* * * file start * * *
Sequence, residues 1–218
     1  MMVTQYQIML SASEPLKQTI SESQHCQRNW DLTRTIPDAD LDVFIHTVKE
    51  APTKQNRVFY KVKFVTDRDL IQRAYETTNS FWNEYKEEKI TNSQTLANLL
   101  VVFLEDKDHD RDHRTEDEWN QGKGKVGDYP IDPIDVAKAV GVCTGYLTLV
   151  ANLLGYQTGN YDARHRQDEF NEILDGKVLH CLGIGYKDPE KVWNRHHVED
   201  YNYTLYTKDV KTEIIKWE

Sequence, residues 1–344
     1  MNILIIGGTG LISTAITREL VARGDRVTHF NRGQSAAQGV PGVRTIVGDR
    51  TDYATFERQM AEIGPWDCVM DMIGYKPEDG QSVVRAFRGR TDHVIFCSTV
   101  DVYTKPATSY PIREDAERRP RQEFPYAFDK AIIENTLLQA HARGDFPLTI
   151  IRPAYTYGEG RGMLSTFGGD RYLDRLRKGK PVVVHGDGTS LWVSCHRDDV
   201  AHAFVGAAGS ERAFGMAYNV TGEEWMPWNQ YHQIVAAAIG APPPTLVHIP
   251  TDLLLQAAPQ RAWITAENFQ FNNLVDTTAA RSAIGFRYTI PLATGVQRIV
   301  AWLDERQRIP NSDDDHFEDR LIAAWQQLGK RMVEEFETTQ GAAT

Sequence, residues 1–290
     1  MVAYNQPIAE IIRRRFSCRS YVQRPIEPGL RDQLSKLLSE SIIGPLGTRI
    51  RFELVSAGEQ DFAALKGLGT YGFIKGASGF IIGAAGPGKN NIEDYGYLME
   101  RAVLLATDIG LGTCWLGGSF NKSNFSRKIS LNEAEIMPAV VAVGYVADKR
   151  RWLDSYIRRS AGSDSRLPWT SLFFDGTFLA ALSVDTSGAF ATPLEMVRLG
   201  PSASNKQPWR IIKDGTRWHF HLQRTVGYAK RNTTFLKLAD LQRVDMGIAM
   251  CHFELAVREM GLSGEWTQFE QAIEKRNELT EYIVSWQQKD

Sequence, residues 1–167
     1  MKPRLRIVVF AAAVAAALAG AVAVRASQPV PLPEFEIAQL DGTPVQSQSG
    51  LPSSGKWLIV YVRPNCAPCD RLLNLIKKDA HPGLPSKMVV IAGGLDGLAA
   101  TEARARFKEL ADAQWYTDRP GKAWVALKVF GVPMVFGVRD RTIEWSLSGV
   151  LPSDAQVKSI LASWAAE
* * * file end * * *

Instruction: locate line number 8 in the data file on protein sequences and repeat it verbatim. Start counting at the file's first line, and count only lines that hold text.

     1  MNILIIGGTG LISTAITREL VARGDRVTHF NRGQSAAQGV PGVRTIVGDR